Some prominent African leaders have boycotted South Africa following the recent spate of xenophobic attacks on other African nationals.
The attacks, which began early this week, have generated criticism at the South African government for its lack of will in curbing the menace.
After days of looting and violence, five people have been killed and dozens injured.
These attacks on other African nationals, particularly Nigerians, follow the bloody xenophobic attacks in 2017.
Following the instability in South Africa, the presidents of Rwanda, Democratic Republic of Congo, and Malawi have decided not to attend the World Economic Forum (WEF) on Africa which is to be hosted by South Africa.
The Zambian national football team has boycotted a friendly match with South Africa’s men’s Bafana Bafana scheduled for March.
Nigerian singer, Tiwa Savage, has also condemned “the barbaric butchering of my people” and has announced that she is pulling out of a planned concert in South Africa in September.
Another Nigerian artist, Afrobeats star Burna Boy, has also vowed never to go to South Africa again until the government “wakes up”.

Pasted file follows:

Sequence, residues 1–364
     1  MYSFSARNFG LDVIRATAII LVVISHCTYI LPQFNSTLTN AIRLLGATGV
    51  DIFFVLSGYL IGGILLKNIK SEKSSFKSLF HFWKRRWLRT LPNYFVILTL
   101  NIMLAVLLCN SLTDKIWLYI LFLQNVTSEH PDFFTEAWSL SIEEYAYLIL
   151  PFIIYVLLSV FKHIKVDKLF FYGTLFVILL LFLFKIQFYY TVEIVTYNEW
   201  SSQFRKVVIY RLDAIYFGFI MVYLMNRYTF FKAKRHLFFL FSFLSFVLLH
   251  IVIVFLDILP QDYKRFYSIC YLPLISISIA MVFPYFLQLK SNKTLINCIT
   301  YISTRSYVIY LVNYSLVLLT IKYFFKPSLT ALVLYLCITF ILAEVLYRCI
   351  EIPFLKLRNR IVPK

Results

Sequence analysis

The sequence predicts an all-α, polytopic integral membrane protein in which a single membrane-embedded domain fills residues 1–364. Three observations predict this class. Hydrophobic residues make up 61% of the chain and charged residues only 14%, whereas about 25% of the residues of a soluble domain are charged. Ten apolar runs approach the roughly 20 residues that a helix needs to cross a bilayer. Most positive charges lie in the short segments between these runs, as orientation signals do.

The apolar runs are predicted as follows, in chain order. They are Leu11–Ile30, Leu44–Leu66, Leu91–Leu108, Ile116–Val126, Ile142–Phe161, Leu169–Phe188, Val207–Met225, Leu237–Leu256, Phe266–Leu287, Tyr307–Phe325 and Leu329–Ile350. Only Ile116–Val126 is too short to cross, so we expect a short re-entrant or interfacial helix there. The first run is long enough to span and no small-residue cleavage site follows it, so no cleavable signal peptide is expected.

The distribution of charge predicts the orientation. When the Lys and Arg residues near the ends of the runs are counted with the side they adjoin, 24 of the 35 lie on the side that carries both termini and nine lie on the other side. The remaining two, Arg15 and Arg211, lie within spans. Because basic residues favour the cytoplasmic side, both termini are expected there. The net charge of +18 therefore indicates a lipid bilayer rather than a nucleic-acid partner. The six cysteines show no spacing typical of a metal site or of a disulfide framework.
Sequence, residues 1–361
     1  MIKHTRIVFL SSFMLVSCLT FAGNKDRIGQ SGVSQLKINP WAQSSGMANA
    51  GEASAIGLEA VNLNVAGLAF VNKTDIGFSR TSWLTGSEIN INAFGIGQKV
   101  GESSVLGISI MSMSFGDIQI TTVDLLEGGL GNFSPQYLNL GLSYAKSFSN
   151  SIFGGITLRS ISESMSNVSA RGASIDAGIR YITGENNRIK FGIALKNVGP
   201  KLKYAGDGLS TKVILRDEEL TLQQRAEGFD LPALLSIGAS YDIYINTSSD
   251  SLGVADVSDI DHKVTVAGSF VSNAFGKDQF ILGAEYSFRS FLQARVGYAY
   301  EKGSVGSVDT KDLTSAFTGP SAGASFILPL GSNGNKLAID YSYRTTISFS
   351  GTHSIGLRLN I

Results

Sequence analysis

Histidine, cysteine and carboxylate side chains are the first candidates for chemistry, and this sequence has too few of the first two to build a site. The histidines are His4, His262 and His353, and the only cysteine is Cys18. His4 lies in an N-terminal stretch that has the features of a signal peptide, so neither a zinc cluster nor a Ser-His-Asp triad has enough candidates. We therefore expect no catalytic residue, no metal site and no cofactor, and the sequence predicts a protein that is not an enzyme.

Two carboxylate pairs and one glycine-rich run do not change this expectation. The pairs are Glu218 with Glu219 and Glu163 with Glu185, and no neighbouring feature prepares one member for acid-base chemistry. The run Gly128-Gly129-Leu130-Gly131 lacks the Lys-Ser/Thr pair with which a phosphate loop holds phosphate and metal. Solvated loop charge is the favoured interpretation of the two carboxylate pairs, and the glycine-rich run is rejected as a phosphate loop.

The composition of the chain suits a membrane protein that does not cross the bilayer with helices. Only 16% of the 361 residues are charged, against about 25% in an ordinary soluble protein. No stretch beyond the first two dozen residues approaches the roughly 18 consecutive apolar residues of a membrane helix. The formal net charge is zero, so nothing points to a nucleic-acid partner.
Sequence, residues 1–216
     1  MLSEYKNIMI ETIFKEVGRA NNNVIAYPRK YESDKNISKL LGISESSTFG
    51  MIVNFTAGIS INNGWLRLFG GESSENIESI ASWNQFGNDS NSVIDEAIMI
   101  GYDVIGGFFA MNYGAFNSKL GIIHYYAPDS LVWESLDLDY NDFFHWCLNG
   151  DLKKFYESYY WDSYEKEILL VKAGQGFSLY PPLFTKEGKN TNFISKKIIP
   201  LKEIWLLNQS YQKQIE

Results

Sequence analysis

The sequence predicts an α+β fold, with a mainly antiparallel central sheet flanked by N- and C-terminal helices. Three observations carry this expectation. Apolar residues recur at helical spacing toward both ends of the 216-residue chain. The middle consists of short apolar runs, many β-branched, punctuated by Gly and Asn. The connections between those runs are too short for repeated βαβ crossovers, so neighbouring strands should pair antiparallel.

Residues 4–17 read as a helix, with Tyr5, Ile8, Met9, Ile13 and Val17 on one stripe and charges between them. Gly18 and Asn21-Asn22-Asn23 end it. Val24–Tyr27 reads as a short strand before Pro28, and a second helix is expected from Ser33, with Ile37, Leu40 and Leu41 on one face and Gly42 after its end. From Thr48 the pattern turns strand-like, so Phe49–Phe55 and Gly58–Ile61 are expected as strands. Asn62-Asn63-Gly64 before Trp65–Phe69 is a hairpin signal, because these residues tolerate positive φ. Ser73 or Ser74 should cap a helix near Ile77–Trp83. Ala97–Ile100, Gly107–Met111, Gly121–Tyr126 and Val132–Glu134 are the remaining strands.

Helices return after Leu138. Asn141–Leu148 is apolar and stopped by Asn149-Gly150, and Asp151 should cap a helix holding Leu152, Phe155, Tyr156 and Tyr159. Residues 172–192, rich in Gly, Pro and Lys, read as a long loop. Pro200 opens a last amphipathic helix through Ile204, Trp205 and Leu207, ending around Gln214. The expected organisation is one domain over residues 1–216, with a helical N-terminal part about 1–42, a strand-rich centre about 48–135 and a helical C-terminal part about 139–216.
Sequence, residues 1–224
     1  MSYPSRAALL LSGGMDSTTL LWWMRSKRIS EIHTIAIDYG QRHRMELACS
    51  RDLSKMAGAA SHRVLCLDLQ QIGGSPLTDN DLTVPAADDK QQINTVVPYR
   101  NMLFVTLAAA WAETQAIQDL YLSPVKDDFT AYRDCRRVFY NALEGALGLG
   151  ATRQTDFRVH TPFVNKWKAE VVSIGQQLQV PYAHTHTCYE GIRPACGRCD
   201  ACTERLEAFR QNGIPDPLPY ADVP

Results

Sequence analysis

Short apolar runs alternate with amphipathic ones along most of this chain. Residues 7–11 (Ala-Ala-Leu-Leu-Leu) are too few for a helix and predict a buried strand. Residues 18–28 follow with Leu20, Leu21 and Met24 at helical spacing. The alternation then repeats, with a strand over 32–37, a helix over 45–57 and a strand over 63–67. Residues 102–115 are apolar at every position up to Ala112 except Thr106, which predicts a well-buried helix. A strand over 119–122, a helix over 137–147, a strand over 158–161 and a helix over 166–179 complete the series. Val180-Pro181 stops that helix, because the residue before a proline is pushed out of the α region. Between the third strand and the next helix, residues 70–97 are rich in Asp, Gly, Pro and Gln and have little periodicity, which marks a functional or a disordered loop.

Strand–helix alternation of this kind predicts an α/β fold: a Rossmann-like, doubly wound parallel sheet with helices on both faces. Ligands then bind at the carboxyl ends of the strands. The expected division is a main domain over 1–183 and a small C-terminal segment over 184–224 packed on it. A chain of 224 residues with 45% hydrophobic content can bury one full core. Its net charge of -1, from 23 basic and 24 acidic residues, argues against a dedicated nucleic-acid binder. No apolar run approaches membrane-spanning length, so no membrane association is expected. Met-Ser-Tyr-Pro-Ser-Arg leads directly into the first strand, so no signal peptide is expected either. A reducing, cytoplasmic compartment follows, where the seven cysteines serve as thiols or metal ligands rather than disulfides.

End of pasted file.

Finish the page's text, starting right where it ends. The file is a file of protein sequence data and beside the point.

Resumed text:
He tweeted that he had had his own “xenophobic experiences at the hands of South Africans” in 2017.
Meanwhile, the chairman of the African Union Commission, Mousa Faki Mahamat, has condemned the attacks.
In a statement released on Tuesday, he called for “immediate steps to protect the lives of people and their property, ensure that all perpetrators are brought to account for their acts and that justice be done to those who suffered economic and other losses.”
Speaking to the BBC, South Africa’s Minister of Social Development, Lindiwe Zulu, said that the rioters feared to lose their jobs to foreigners.
South Africa has, over the years, seen a growth in the number of foreign nationals. Statistics show that by 2020, the country’s population could rise to 58,721,229 and 64,465,553 by 2030.
Political analysts say African immigrants have been easy-targets following the lack of jobs and challenges with South Africa’s economy. However, South Africans believe they are retaliating against crimes committed by foreigners and also the sale of illicit goods by foreign shop owners.